Saturday, 29 March 2008

War on Drugs: A Statistic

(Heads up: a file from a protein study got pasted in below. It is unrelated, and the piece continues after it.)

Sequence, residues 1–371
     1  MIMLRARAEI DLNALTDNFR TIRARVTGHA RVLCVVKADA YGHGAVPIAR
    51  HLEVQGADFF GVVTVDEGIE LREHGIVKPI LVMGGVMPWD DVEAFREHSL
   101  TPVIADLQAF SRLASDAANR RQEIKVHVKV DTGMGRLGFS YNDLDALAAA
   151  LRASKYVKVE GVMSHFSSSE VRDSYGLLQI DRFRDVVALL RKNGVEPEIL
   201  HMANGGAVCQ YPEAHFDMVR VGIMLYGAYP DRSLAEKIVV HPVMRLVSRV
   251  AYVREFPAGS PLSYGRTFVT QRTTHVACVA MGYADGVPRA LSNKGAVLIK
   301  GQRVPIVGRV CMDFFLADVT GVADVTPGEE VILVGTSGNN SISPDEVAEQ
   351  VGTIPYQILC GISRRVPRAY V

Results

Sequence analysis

I was watching a TV debate from Canada on whether drugs should be decimalised. The two guests were on opposite sides of the argument with a police officer pushing for decriminalisation and a politician opposing it. No surprises there. Apart from one or two 'nays' from a random questionnaire to people on the street, the debate was strictly a win for the 'yah'. The politician repeated the same old arguments using 'children's futures' and 'getting tougher' with no evidence and dragging out the same tired old line that 'it's getting better' and 'we can't give up' etc. The police officer had facts and figures to back his argument along with years of experience to give real insight into what it is actually like at a personal level. Something the politician sadly lacked. What prompted me to write this was that the police officer raised some statistics and pointed to the US as how much the current policies have failed. Fact after fact and the debate kept drifting back to the US and the dismal failure of the "War on Drugs". To everyone's surprise, the politician refuted the statistics and claimed things were turning around in the US because of the harsher penalties. He said that as more money is spent to create a tougher police force and more prisons are built to keep dealers & users off the street, the more that they stop drug usage. He also claimed that young people are not taking up drugs as much as before. It must be pointed out that he also claimed that drug use went up in The Netherlands after they adopted a softer drug policy. This was instantly debunked when it was explained to him that world usage went up also and in fact The Netherlands usage was less than most countries. The police officer again just used facts to disprove the politician's claim. It is easy to rattle off statistics but a visual guide puts it into perspective. Below is a stunning chart that shows the futility of the "War on Drugs":

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